Chandler: It’s About Neighborhoods

By CHRIS CHANDLER, Candidate
Los Alamos County Council

At the League of Women Voters Forum recently I expressed my commitment to improving Los Alamos while preserving its essential character. 

In particular, I believe the health and personality of the community are rooted in its neighborhoods. Robust neighborhoods and strong relationships among neighbors make for a vibrant and healthy community.

The Comprehensive Plan should express the aspirations of the community as a whole and should be designed to foster the strong neighborhood concept. The current update of our Comprehensive Plan has now entered Phase 2 of developing public input on various aspects of the plan.  In this phase a community survey seeks responses to 41 questions from a large sample – 3,000 – of homes, and then a series of three public meetings will be held June 15, June 22, and June 29.

The first June meeting is particularly important to neighborhoods. The topic is Neighborhoods, Density and Growth: 6-9 p.m., June 15 at UNMLA. To see why this is important, if you received a copy of the survey you may have noticed that there are three questions that introduce and seemingly promote the concept of increasing the availability of housing by increasing the density of existing residential neighborhoods. The strategy seems to encourage the development of casitas, guesthouses, granny houses, mother-in-law flats, or accessory apartments on existing residential lots.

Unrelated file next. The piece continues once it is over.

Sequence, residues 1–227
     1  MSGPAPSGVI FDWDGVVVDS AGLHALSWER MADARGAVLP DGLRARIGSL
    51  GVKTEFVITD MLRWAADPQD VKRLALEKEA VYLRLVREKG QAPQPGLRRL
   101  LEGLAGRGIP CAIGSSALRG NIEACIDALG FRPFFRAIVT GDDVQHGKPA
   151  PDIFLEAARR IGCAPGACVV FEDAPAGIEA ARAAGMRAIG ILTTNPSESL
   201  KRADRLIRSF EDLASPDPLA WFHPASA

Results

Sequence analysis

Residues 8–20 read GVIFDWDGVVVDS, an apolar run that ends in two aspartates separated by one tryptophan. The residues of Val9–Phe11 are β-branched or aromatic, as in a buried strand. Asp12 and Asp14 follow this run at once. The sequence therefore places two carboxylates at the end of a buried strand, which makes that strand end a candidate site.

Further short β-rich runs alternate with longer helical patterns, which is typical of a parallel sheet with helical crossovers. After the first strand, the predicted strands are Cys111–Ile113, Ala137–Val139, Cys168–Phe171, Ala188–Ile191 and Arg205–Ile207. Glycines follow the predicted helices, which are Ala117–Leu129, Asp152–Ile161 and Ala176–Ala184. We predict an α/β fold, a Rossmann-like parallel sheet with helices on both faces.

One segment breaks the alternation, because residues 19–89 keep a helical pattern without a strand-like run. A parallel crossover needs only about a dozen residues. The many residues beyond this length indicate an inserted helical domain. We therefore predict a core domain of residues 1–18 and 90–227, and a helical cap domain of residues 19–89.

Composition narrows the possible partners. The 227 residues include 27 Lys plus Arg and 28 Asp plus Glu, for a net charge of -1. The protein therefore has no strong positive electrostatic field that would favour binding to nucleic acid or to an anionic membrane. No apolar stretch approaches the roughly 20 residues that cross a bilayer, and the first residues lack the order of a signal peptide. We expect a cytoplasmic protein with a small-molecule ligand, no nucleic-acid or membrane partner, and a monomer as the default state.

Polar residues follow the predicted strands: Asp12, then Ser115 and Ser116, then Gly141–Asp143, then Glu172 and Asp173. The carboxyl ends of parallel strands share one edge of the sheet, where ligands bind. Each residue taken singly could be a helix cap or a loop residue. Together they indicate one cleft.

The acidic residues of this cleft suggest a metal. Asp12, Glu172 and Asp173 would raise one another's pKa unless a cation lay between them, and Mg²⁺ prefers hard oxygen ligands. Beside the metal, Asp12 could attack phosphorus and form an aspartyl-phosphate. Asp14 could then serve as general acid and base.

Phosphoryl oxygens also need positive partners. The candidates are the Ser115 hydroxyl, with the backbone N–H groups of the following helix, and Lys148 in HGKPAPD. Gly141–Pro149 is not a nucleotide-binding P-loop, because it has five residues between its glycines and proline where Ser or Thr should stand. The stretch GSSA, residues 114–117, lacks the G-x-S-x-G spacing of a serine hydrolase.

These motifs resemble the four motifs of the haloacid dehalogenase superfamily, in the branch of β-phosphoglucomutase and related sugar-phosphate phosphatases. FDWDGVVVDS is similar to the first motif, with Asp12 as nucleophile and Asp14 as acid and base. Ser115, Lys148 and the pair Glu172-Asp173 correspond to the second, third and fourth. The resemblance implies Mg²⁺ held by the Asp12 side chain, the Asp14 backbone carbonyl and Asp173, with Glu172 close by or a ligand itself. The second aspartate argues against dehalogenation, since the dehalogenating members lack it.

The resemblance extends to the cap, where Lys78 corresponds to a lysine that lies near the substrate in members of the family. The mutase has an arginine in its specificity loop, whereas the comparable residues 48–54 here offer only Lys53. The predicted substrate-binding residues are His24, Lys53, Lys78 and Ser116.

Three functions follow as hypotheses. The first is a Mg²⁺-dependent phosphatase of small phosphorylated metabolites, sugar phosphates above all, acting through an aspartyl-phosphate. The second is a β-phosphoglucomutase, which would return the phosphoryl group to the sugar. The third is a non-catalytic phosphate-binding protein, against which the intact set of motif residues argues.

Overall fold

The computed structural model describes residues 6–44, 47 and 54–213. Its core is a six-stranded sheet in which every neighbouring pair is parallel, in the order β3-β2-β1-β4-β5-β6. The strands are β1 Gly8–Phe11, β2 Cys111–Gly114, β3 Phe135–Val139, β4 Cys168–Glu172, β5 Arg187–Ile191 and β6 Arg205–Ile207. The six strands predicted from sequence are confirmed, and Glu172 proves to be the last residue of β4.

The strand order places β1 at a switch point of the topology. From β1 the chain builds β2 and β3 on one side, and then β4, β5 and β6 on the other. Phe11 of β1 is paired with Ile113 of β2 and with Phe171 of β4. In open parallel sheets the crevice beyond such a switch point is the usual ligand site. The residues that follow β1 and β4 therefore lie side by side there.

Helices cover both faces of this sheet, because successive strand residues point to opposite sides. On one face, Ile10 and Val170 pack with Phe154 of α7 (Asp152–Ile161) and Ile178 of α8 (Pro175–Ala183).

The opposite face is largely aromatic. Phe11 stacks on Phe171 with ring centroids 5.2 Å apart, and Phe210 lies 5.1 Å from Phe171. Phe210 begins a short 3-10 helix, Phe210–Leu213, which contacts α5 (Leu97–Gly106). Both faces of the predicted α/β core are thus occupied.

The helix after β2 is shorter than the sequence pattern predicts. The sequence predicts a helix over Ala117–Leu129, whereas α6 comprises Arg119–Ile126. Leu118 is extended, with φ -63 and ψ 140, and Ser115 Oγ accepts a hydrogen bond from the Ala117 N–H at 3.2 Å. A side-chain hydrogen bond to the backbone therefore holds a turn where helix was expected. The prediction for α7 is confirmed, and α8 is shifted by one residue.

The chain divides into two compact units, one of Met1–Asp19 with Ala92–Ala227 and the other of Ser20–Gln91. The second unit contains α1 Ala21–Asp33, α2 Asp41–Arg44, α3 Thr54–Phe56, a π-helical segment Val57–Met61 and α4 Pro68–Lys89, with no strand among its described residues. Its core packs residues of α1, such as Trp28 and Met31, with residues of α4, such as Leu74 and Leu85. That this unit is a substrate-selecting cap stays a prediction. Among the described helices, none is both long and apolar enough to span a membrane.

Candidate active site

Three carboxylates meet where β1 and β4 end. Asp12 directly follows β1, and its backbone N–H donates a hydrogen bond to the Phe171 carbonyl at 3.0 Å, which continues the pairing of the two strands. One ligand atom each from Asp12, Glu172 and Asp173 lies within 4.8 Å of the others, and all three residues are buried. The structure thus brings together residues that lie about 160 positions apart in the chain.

Some in county government have suggested the concept of increasing residential density by these methods as a solution to what they perceive is a shortage of housing. I am skeptical about the underlying premise that there is a significant housing shortage. I also question the merit of increasing the housing stock by putting two dwelling units on existing lots meant for one.  Doubling housing density within existing neighborhoods could significantly change their character. For this reason it is very important for Los Alamos residents to actively voice their views.

I encourage you to respond to the survey if you are among those who received one; it can be completed by mail or online. I urge you to pay particular attention to the questions (3-7 and 18-23) related to neighborhoods, growth and density. And I encourage you to attend all three of the meetings, especially the first one where the topic will be neighborhoods, density and growth, and make your views on these vital topics known to the Planning and Zoning Commission and County Council.

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